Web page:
So, the PE ratio of a company should either be compared with its peers having parallel business activity and of similar size or with its historical PE to evaluate whether a stock is undervalued or overvalued.

P/E ratio is also dependent on external factors; a merger and acquisition announced by a company will increase the P/E ratio. Therefore, it is important to analyze various other aspects of a company before investing.

Versions/Variations of Price to Earnings Ratio:

There are multiple versions of the P/E ratio, depending on whether earnings are projected or realized, and the type of earnings. There are two types of EPS metrics that factor into the most common types of P/E ratios:

Trailing P/E:
This is the most common meaning of “P/E” if no other qualifier is specified. It is listed in the fundamentals section of most finance sites with the notation “P/E (TTM)”, where “TTM” is a Wall Street acronym for “trailing 12 months ”. This number signals the company’s performance over the past 12 months.

It is calculated by dividing the current share price by the total EPS earnings over the past 12 months.

Problems of Using Trailing PE:
– A company’s past performance doesn’t signal future behavior.
– The fact that the EPS number remains constant, while the stock prices fluctuate, is also a problem. If a major company event drives the stock price significantly higher or lower, the trailing P/E will be less reflective of those changes.
– The trailing P/E ratio will change as stock’s price moves, since earnings are only released each quarter while stocks trade day in and day out.

Forward P/E:
This earning metric is found in a company’s earnings release, which often provides EPS guidance. The forward (or leading) P/E uses future earnings guidance rather than the trailing numbers. This is the company’s best-educated guess of what it expects to earn in the future. Sometimes it is also called “estimated price to earnings”.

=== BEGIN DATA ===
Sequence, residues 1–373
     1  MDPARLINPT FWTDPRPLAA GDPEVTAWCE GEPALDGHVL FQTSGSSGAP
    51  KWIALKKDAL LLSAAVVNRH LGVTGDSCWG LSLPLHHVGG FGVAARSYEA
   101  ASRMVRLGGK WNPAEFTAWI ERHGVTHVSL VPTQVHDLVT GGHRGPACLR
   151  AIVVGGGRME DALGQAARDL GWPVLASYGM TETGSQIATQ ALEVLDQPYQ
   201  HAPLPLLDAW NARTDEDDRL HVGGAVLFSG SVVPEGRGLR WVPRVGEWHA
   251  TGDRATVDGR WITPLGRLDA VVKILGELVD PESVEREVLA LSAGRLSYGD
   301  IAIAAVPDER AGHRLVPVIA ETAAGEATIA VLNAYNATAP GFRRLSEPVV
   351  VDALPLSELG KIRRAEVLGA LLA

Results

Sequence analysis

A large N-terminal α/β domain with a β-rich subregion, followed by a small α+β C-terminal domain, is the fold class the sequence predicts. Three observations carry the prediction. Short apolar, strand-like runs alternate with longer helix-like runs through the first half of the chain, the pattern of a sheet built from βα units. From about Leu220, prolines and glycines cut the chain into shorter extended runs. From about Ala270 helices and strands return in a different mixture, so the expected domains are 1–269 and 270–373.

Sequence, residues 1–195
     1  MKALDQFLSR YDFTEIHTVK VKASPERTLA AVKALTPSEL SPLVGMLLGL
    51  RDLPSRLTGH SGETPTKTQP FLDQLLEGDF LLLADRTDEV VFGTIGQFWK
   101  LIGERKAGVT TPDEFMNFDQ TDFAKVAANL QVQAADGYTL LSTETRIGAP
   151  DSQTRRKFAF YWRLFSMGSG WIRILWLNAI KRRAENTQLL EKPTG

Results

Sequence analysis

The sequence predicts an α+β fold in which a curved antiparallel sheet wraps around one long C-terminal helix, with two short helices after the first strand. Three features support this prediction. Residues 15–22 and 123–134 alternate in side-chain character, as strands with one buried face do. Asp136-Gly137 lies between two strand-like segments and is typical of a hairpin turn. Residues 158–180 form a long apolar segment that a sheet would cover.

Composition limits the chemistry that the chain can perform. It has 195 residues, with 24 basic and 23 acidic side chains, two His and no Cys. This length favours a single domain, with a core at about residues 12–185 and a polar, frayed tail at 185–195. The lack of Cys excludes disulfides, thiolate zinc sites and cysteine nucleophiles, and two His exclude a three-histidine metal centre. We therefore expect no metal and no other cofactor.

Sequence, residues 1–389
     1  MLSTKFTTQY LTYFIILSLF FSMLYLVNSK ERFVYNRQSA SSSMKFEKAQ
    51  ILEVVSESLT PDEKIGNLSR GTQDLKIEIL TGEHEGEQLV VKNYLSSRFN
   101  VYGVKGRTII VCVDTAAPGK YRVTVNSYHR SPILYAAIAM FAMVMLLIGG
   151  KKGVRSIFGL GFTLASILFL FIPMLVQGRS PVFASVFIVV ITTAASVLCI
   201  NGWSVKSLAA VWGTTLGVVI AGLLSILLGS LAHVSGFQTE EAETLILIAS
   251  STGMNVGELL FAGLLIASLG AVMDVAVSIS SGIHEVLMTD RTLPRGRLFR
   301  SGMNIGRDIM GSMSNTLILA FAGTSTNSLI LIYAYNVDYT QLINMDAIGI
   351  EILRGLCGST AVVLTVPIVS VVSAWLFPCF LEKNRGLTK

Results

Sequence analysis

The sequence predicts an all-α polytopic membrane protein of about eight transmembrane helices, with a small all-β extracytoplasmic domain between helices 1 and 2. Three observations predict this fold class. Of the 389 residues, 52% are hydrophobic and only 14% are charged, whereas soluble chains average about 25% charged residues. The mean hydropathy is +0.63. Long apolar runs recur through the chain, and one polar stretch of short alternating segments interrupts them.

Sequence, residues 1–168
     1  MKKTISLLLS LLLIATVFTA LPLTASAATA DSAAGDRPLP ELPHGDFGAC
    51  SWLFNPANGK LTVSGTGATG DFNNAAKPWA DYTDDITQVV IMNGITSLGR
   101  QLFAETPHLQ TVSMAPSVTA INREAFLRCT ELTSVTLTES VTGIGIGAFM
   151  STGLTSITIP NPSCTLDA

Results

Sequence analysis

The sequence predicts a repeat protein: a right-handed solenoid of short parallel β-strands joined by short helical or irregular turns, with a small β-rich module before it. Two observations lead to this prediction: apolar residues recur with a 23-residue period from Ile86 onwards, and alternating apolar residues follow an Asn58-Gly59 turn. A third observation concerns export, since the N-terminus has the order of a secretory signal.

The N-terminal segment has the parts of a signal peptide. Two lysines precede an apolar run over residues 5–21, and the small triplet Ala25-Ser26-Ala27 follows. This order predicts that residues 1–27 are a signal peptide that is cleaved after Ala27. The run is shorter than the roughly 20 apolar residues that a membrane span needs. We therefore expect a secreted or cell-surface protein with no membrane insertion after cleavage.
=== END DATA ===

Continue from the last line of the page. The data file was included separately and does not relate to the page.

It is useful for comparing current earnings to future earnings and helps provide a clearer picture of what earnings will look like – without changes and other accounting adjustments.

Problems of Using Forward PE:
– Companies could underestimate earnings in order to beat the estimate P/E when the next quarter’s earnings are announced.
– Companies may overstate the estimate and later adjust it going into their next earnings announcement.
– External analysts may also provide estimates, which may diverge from the company estimates, creating confusion.

If the forward P/E ratio is lower than the trailing P/E ratio, it means market participants are expecting earnings to increase; if the forward P/E is higher than the current P/E ratio, then they’re expecting earnings to decrease.

A third and less common variation uses the sum of the last two actual quarters and the estimates of the next two quarters.

Other Problems Involved with Price Earning Ratio:

Even though the P/E ratio is a useful tool to valuate a stock, you cannot rely on it alone. You need to use it with other valuation techniques to arrive at a more accurate picture. The P/E ratio is affected by the following parameters:

a. The calculation of P/E Ratio accounts only for the earnings and market price of an equity share. It doesn’t look into the debt aspect of the company. There are companies which are highly-leveraged and can be considered as risky investments. However, a high P/E Ratio of such companies will not bring forth this aspect.

b. P/E ratio assumes that the earnings will remain constant in the near future. However, earnings are dependent on a lot of other things and can also be manipulated. Provision for lesser depreciation can boost earnings.

c. Ideally, an investor needs to invest in a company which keeps generating cash flows throughout its life-cycle, at an increasing rate. If the company’s earnings are increasing but not its cash flows and sales, then clearly something is not right. P/E ratio doesn’t indicate whether a company’s cash flow is going to increase or decrease in the years to come. Hence, it leaves room for ambiguity as regards the direction of growth.